Hybrid bearings have rings made of bearing steel and rolling elements made of bearing grade silicon nitride (Si3N4), which make the bearings electrically insulating.
- Protection from electric current damage
Hybrid bearings are non-conductive and therefore suitable for applications such as AC and DC motors and generators, where electric currents are present.
- Higher speed capability
The density of a silicon nitride rolling element is 60% lower than a same-sized rolling element made of bearing steel. Lower weight and inertia translates into higher speed capability and superior behaviour during rapid starts and stops.
- Long service life
The lower frictional heat generated in hybrid bearings, especially at high speeds, contributes to extended bearing service life and extended relubrication intervals.
- High wear-resistance
Silicon nitride rolling elements have a higher degree of hardness making hybrid bearings suitable under difficult conditions and contaminated environments.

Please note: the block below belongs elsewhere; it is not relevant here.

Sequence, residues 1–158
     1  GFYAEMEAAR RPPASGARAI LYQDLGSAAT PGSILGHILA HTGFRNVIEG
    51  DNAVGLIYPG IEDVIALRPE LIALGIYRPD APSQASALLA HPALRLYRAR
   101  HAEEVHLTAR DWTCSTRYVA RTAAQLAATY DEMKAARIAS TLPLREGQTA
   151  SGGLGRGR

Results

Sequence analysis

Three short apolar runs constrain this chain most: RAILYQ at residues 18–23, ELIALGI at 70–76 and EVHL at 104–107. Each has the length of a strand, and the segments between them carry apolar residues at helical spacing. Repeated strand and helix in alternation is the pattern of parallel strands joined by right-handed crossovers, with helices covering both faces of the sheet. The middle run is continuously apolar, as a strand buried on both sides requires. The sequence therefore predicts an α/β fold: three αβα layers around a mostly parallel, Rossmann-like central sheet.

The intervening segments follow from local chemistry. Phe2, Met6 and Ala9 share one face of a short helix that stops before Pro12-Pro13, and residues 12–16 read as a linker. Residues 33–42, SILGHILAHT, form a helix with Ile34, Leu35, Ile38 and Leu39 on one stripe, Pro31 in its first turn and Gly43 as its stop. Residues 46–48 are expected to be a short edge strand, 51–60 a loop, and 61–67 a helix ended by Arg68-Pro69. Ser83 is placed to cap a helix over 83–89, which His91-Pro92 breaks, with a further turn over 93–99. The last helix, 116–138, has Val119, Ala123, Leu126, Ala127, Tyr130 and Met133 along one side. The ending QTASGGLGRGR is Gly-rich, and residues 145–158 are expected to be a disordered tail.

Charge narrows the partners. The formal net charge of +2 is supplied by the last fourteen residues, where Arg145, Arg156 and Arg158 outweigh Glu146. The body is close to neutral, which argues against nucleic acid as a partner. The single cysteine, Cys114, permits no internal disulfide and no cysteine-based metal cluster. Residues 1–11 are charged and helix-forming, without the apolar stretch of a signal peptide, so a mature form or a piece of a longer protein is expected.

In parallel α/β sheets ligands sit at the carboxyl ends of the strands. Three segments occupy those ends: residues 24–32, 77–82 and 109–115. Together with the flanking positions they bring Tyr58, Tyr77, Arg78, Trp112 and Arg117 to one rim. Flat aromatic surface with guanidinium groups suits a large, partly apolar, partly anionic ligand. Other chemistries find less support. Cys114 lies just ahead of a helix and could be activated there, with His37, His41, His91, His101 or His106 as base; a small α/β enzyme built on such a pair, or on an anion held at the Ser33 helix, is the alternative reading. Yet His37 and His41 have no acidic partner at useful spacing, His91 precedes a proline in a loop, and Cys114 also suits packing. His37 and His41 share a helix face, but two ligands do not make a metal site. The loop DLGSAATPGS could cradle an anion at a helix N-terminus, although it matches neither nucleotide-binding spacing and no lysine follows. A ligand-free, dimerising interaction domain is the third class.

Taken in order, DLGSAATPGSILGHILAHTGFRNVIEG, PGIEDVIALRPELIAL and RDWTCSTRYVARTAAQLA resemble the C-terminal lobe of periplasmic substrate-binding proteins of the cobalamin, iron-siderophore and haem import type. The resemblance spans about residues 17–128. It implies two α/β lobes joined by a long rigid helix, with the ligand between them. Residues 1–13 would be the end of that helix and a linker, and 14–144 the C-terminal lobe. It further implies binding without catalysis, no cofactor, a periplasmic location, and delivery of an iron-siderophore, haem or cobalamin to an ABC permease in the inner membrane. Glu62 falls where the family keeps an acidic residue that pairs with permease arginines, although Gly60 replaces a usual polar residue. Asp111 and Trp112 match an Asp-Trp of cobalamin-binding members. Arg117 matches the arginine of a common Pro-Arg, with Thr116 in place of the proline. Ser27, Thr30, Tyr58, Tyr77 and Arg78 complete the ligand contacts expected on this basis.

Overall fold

- High bearing stiffness
With a high modulus of elasticity, hybrid bearings offer increased bearing stiffness.
- Reduced risk of smearing
Even under inadequate lubrication conditions, such as high speeds and rapid accelerations, or where there is an insufficient hydrodynamic film, the risk of smearing is reduced between silicon nitride and steel surfaces. For conditions where κ < 1, it is common to apply κ = 1 for hybrid bearing life calculations.
- Reduced risk of false brinelling
When subjected to vibration, hybrid bearings are significantly less susceptible to false brinelling (formation of shallow depressions in the raceways) between the silicon nitride and steel surfaces.
- Less sensitivity to temperature gradients
Silicon nitride rolling elements have a lower coefficient of thermal expansion, which means they are more stable over temperature gradients within the bearing and provide more accurate preload/clearance control.
- single row deep groove ball bearings (fig. 1)
- basic design
- sealed design
- XL hybrid design
- single row cylindrical roller bearings (fig. 2)